Wednesday, November 4, 2015

New Video - Google Nexus 6P Unboxing Oh it's very nice.

New Video - Why I'm switching from OneDrive to Google Drive Seriously, why would you promise users unlimited storage and then take it away?! Microsoft has now gotten rid of the one gigantic advantage it had over all the other cloud storage services. That, and the smaller storage sizes, especially for free users, and the lack of the placeholder feature in Windows 10. Hello, Google Drive, oh how I have missed your overall polish and innovation.

Thursday, June 25, 2015

Microsoft will not get a billion people to get Windows 10

Let me just start off by saying I'm very much a fan of Microsoft. That doesn't mean I adore everything they do, I just think a lot of what they do is really cool. One of the things I like is the upcoming Windows 10. It's what Windows 8 painfully attempted to do, but they've finally figured out a way to get the same experience across every device. However, one of their goals just doesn't seem realistic. Microsoft's whole reasoning in making Windows 10 free for every Windows 7 and 8 user is to achieve the magic number of a billion users, however the way they've set off to make it happen just seems like an ordinary Microsoft mess, and here's why they won't crack that billion number:

  1. To reserve your copy of Windows 10, you have to have your computer COMPLETELY up to date to get the software to install Windows 10 when it's released. I've only encountered on my computers that this was the case. Very few ordinary people understand what an update is, and just straight up don't do them. Plus, automatic updates don't always seem to work for some reason, so a lot of users don't have the necessary update to begin with. Plus, sometimes it's just difficult to get it to show up, even when the software is already on the computer. I had a fresh install of Windows 7 that I wanted to get reserved so I didn't have to worry about it later, and it took HOURS to get everything all set up. The only way I could get it to work is with a registry hack I found on a Microsoft forum, where you'll find a lot of frustrated people trying to get this update to work.
  2. For those who are completely updated, the software to get Windows 10 reserved on your computers looks incredibly shady. The first time I saw it pop up in the taskbar, I honestly thought it was some weird virus. It would've made sense if they implemented it with the Windows Update window, where it would look legitimate, but for some reason they had to make an IE frame, where it looks like every anti-virus program asking you to buy a year subscription.
  3. People hate change, even when they hated the the last thing that changed. Microsoft has such a poor track record, why should anyone believe this change is better? Sure, on paper, this is a change that people want: familiarity. They want the start menu back, they want a better designed UI, and they want it for free. Unfortunately, telling people to do this they need to upgrade their computer sounds scary and threatening, even when the computer will "reserve" it for you. And what does "reverse" mean? It's that kind of wording that makes it sound less appealing.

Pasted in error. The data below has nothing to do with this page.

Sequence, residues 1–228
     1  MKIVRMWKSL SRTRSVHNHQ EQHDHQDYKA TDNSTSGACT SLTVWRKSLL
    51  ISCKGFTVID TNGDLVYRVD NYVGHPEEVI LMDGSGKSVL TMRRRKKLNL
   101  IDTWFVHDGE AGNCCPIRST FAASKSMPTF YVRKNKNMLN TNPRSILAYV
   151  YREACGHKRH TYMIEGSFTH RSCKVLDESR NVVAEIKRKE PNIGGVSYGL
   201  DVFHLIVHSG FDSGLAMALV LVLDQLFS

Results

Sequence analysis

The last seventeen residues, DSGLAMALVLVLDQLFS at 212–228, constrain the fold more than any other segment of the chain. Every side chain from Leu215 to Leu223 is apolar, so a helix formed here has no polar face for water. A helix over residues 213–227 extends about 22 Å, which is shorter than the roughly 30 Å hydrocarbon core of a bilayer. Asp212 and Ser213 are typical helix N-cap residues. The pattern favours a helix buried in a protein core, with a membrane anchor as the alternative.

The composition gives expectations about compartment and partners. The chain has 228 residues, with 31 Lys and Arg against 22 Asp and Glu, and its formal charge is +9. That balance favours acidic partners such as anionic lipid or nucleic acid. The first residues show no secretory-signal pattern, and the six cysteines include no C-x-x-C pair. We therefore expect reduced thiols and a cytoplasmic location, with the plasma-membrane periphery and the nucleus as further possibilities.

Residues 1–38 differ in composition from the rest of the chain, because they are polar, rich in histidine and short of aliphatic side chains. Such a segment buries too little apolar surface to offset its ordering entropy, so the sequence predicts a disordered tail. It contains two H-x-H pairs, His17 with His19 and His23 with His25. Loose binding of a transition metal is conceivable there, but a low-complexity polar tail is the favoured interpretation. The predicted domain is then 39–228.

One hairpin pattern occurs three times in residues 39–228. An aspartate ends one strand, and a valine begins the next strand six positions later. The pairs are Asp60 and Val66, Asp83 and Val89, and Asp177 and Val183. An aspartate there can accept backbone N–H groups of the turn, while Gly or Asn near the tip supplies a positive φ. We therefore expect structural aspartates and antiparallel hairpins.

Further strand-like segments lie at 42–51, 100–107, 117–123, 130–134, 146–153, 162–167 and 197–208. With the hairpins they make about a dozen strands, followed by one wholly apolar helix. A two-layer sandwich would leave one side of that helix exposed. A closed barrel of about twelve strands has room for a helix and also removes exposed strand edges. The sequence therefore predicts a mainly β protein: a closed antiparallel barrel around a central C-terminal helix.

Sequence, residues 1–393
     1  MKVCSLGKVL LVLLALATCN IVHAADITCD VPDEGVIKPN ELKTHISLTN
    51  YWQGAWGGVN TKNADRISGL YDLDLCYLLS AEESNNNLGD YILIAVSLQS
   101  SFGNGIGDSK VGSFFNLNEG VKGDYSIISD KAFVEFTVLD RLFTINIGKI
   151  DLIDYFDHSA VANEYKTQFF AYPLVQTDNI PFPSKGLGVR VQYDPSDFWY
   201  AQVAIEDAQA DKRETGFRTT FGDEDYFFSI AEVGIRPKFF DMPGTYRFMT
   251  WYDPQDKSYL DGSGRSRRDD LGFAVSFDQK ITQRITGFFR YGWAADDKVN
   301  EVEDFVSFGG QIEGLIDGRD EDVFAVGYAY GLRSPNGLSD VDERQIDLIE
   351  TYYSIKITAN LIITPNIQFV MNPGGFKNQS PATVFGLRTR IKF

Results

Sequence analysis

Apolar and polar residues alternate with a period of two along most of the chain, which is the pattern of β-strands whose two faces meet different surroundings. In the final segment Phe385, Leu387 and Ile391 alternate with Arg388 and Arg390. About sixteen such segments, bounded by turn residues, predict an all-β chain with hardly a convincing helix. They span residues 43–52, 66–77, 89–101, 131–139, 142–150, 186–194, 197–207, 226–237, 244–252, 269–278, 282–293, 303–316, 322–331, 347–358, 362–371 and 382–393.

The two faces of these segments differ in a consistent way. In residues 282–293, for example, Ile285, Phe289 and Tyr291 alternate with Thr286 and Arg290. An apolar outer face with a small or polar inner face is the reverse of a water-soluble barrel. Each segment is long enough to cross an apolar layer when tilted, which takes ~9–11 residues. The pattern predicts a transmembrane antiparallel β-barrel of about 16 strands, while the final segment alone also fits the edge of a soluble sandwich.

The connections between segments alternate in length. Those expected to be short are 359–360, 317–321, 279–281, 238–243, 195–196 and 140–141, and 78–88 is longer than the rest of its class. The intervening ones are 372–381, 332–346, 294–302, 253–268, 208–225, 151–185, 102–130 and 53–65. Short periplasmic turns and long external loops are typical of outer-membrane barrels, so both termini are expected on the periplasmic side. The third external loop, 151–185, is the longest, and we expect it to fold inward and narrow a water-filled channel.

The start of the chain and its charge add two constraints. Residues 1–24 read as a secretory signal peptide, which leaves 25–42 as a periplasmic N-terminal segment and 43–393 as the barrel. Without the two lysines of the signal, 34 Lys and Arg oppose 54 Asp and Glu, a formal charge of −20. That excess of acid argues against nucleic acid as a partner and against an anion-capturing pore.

As a power user, I am very excited for the release of Windows 10, and will be quickly installing it on all my computers, but I am a very small minority compared to the regular person. Microsoft will get a lot of people to jump on the Windows 10 band wagon for sure, but I doubt as high as they're shooting for.

Wednesday, May 27, 2015

Goodbye TWiT Live

It's disappointing when the trolls win. Diehard fans get what they loved about a product taken away because some assholes had to ruin it for everyone. TWiT was unique. There was the direct interaction between the fans and the host live. Now, that's all gone. Fortunately, this isn't unique to TWiT anymore, Brian Brushwood's might just be my go-to place when I just want something to listen to. Hell, everyone I loved at TWiT is pretty much all over there anyway, so it makes sense.

What made TWiT great wasn't a million dollar studio, or intensive news coverage, it was the personalities. Same thing with TechTV; people tuned in because these hosts look like they really cared about what they were talking about, and they looked like they were having fun. It seems since the move to the TWiT Brick House, the fun was left behind at the Cottage. What was once a fun place where great netcasts were being made has now become really mundane. It just feels like there's no effort going on whatsoever.

I remember one of the first times I tuned into TWiT Live, it was during an NSFW episode, and I was laughing my ass off. I remember watching all these great shows from the Cottage where they seemed to care about making a great show. I remember watching the parade to the new Brick House, and feeling excited about the possibilities with the new studio. I remember seeing "Game On!", a show about a topic I really didn't care about, but was so impressed at what looked to be a TV show, hoping more shows would look like that. I remember hoping TWiT Live would become the CNN of tech Leo always said it would be, a live online 24/7 channel. I've lost hope in that last one. It's been four years since they moved in the Brick House, and when there's no show being recorded, it's still just a VLC Player playlist. Shows still look barely produced, and there's only a handful of in-studio hosts that seem to care. There was, however, one thing I really liked: the New Years special they did. I thought it was very well produced and very fun, but now that's gone too.

It's all been one big downward spiral since Tom Merritt left. Leo's on-air attitude has soured tremendously. If you need any proof, has a pretty big archive of it. Sure, a lot of it is linkbait, but there's a good chunk that is an angry and creepy Laporte. It's upsetting to see someone who pretty much invented the tech podcast and created a network devoted to it be revealed to be an asshole. And now with the return of a fan favorite: "The New Screen Savers," it just feels like a last resort to help bring people back to the network. Even this show, designed to be the flagship show, feels completely under-produced, especially when compared to "Game On!". It's just sad. I had such high hopes for this show, and I'm getting nothing but disappointment.